Mother Teresa's scribe
The origins of Mother Teresa’s Advice for Jilted Lovers
Bored one day, my brother and I were brainstorming blended genre books and titles you would never — and should never — find in a bookstore:
- Astrology + Business = Float with the Angels without Being Eaten Alive
- Humour + History = Not That Kind of Nazi
- Business + Science fiction = The 7 Habits of Highly Effective Extraterrestrials
- Hobby + Psychology = Deco Designs for the Serial Killer Mind
- Travel Guide + Murder mystery = Best Places to Murder on the Orient Express
- Religious + Self-help = Mother Teresa’s Advice for Jilted Lovers
It seemed like a crazy cross-genre blend, but when I thought about it, I realized that I’d actually read a religious self-help book — The Secret. I wondered what my life would be like if I had the power to control the Universe and believed, like Mother Teresa did, that suffering was a gift from God. The answer was obvious: I’d become a psychic serial killer. Thirty days later, I had a first draft of Mother Teresa’s Advice for Jilted Lovers written. Two years later, here we are.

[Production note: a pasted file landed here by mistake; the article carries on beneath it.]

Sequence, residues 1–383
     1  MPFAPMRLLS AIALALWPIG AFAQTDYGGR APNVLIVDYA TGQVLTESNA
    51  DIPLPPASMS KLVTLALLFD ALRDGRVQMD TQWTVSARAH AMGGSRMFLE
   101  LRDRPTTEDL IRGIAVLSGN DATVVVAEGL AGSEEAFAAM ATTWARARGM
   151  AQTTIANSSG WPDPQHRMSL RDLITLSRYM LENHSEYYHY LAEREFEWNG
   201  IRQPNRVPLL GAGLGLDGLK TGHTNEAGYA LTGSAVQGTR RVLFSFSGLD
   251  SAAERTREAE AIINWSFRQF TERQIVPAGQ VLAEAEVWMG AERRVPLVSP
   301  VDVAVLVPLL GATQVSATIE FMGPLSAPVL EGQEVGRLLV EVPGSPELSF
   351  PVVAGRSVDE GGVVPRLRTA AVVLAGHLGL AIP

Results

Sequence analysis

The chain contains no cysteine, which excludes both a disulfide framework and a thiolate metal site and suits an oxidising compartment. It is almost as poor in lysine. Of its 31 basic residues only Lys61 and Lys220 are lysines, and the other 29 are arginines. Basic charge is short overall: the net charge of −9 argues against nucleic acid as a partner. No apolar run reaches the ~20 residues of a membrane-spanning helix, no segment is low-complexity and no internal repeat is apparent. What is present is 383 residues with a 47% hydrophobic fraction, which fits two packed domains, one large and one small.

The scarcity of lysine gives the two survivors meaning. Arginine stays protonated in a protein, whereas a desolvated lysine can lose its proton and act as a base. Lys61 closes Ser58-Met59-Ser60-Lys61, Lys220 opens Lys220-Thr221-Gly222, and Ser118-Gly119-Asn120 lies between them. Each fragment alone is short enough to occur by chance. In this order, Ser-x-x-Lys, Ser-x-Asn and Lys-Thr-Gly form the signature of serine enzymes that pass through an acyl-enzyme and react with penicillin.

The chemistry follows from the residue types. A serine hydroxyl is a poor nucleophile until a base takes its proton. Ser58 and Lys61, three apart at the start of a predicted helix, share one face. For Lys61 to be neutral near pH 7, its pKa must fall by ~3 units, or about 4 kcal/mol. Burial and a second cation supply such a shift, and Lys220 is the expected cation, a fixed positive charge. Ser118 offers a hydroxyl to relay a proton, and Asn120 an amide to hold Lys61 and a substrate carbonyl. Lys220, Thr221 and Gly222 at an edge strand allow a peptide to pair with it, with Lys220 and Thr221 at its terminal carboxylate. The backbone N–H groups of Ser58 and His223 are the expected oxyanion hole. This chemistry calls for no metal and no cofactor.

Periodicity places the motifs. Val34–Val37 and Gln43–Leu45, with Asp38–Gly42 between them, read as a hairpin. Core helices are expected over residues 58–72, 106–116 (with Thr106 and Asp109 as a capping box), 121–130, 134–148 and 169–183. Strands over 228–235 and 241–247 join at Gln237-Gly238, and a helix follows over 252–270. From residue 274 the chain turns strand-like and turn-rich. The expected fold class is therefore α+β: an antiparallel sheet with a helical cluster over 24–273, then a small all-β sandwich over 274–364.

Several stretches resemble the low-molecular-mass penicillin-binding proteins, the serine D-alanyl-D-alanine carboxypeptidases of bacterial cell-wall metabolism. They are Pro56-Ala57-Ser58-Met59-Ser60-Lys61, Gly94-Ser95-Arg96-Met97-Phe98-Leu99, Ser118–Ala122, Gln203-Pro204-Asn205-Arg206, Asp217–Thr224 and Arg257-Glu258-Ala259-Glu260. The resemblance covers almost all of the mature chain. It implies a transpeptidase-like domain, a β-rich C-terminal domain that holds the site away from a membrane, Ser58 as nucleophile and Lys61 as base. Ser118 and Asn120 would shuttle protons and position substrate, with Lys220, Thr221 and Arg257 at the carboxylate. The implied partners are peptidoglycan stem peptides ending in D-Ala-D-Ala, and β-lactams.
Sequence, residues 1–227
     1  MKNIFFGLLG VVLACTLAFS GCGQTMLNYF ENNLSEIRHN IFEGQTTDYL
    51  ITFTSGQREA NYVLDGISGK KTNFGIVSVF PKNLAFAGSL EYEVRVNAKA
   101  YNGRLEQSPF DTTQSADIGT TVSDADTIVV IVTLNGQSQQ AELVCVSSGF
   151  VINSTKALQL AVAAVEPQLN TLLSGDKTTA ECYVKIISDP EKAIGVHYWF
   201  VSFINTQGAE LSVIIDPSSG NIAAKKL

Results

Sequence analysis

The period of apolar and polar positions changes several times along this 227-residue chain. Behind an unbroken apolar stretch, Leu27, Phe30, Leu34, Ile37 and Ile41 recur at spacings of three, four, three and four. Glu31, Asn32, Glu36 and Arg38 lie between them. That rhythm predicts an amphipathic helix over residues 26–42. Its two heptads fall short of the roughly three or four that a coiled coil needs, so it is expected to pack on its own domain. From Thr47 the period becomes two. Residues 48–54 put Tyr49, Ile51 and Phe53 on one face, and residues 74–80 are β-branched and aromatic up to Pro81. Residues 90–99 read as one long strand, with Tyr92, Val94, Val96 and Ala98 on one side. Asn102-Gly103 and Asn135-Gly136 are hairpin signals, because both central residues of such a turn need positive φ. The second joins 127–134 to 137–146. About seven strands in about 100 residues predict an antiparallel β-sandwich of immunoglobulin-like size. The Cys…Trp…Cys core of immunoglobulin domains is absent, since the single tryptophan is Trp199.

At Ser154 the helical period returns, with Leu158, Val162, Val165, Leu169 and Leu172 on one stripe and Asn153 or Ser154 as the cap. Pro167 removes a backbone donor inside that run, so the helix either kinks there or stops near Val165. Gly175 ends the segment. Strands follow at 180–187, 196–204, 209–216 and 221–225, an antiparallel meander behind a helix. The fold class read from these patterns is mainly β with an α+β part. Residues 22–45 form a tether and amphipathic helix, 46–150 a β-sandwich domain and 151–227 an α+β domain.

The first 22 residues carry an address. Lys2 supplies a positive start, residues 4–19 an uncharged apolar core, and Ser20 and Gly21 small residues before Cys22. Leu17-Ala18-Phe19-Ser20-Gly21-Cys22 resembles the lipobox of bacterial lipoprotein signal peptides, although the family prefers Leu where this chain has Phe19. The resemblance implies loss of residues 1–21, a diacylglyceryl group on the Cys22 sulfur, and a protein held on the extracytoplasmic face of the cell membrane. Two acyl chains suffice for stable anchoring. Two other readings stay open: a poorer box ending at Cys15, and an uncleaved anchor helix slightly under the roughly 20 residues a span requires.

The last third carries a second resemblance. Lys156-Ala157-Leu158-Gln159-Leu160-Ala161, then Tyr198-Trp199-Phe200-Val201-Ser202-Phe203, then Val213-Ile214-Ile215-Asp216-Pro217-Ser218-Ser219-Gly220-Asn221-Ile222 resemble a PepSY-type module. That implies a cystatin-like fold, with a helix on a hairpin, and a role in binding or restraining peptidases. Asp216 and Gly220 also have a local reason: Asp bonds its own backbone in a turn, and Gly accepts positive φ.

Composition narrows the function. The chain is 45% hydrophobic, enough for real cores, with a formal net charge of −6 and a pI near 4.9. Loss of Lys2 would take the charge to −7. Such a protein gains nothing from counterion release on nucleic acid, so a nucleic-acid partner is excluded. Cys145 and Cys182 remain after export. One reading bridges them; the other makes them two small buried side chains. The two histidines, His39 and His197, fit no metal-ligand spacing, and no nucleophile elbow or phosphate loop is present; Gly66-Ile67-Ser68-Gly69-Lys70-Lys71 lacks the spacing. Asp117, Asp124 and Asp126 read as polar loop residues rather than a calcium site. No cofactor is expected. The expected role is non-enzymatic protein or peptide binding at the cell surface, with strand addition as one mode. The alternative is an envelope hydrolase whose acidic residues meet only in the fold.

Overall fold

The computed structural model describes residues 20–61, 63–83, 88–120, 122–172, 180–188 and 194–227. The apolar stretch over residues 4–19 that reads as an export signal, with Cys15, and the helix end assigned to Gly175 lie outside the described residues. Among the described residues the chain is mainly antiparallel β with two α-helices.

I wish I could say that I knew I wanted to be a writer since I was eight years old like all famous authors claim. But that’s not true. At eight years old I think I wanted to have lots of kids and be a full-time, stay-at-home mom.
In high school I had several career aspirations, none of which suited my skills, personality or breeding. Nun and RCMP topped the list. Nun would never have worked since I wasn’t Catholic. And a career in law enforcement for someone who doesn’t follow dumb rules would have ended badly for me…in fact, good thing I wasn’t Catholic. That wouldn’t have ended well either from the ‘follow dumb rules’ POV.
College… for two years I worked for our bi-weekly newspaper as the production manager. Never wrote a word. Our annual literary journal? Production manager and editor… I was getting closer to thinking about writing.
University… the writing I practiced and aspired to do was script-writing for documentary films. And upon graduation from university I did what most of us do: I took the best job I could get with the skills and connections I had. It included writing. Technical writing. Curriculum development. Fundraising proposals.
It wasn’t until my mid-thirties that I added, ‘write a novel’ to my bucket list. And here I am, late-forties, two novels written and a third moving along nicely.
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